field notes ➤ Jack Martin, 2011

❝ Creek dialects and ways of speaking

Creek shows variation across regions, variation among speakers, and variation over time.

3.1 Regional differences

There was probably some variation in the early period among clans and tribal towns in Alabama and Georgia, but migration to Indian Territory in the 1830s and 1840s and the redistribution of land in the 1890s likely contributed to a flattening of dialect differences. Surveys conducted in the late twentieth century provided evidence for three Creek dialects: Muskogee, Oklahoma Seminole Creek, and Florida Seminole Creek.

. . . These dialects overlap: the Seminole dialects share a history of approximately one hundred years (roughly 1750-1840), while the Oklahoma dialects share a longer and more recent history (about 1840 to the present). This overlapping history is evident in several areas of the language.

3.1.1 Vocabulary

. . . Because Oklahoma has a temperate climate and Florida is subtropical, the names for plants and animals differ widely in the two regions. Many names for plants and animals used in Florida are unknown in Oklahoma.

Conversely, some species restricted to colder climates are not widely known in Florida. These include common nut trees like ocí: ‘hickory’ and oci:-cápko ‘pecan’. Plants like wí:so, ‘sassafras’ and hilis-hátk-i ‘ginseng’ are imported to Florida for medicine but do not grow there.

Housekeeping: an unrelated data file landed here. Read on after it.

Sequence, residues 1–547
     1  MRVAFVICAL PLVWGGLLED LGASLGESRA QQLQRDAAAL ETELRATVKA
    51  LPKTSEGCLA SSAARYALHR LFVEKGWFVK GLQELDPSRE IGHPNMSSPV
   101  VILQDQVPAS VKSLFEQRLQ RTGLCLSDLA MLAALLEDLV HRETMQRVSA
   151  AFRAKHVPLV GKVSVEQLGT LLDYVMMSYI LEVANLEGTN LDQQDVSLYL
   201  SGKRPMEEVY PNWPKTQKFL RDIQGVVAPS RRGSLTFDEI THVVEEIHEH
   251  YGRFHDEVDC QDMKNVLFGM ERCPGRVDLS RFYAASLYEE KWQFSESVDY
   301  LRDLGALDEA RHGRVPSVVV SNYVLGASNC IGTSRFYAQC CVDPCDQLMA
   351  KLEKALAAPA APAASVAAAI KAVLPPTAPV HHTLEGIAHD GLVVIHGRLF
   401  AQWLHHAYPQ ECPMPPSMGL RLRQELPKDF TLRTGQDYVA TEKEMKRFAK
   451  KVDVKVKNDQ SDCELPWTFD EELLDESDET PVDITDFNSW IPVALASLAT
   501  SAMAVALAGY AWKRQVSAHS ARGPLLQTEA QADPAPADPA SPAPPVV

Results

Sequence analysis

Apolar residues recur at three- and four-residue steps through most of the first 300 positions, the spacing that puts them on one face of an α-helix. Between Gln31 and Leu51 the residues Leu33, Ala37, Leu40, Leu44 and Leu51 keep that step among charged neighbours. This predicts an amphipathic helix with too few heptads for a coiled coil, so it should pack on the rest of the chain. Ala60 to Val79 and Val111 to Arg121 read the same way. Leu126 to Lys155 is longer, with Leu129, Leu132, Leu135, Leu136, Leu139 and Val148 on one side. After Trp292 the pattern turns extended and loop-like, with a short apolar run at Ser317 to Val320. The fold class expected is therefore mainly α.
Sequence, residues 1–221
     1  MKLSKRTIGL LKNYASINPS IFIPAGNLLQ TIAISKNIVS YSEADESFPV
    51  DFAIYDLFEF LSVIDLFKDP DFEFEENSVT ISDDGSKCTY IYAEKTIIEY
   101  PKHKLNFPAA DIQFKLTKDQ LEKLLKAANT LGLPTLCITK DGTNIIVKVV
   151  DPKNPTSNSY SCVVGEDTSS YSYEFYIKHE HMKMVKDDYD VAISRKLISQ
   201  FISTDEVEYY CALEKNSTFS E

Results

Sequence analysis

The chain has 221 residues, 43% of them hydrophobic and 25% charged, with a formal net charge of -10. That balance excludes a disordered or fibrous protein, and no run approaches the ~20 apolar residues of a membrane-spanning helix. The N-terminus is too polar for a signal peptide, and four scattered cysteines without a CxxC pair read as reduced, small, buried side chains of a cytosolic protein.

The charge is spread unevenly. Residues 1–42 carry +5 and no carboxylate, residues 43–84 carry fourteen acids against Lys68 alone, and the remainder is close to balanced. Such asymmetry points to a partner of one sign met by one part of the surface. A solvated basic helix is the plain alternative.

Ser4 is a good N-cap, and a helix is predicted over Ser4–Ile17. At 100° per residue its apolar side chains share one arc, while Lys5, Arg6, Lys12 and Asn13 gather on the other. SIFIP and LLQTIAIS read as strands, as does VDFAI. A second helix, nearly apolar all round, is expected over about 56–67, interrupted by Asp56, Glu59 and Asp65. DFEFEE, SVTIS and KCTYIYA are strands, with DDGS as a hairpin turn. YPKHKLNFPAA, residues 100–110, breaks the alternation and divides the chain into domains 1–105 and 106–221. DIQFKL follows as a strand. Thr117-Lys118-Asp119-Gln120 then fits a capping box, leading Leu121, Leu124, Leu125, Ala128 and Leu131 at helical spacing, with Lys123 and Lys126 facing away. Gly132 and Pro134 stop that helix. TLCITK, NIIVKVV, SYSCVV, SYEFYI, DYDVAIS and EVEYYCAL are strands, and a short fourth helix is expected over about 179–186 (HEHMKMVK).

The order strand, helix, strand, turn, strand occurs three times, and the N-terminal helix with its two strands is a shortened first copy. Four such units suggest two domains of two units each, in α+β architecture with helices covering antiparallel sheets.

Many names for foods also differ between Florida and Oklahoma. In Oklahoma, the traditional corn dish called (o)sá:fki is served in one basic way. Visitors to Florida are surprised to find kowa:wa-sá:fki ‘guava sofkee’, alo:so-sá:fki ‘rice sofkee’, toma:ti-sá:fki ‘tomato sofkee’, and kont-osá:fki ‘coontie sofkee’, among others.

Florida also differs from Oklahoma in social organization. In Oklahoma, an individual identifies with a tribe (e.g., ma:skó:ki ‘Muskogee’), an itálwa ‘tribal town’ (e.g., oci:-ap-ó:fa ‘Hickory Ground’) and an im-aleyk-itá ‘clan’ (e.g., ‘co-âlki ‘Deer clan’). In Florida, names for tribal towns have either disappeared or merged with clans (thus, ‘Big Town’ is a clan in Florida, though it was previously a tribal town).

Most Florida Seminoles live on reservations, while many Creeks in Oklahoma were allotted land. During the twentieth century, the Seminole Tribe of Florida invested heavily in citrus, cattle, and traditional crafts such as baskets and patchwork. Dozens of terms for citrus are used in Florida. Terms for cattle like wa:ka-ika-hátk-i ‘Hereford’ (lit., ‘white-head cow’) can be understood by Oklahoma speakers, though they are not used there. Sewing has its own vocabulary and has affected color terms: páłko ‘grape’ and yalá:ha ‘orange (fruit)’ are used for colors in Florida. ❞

A Grammar of Creek (Muskogee)
by Jack B. Martin
(University of Nebraska Press, 2011)

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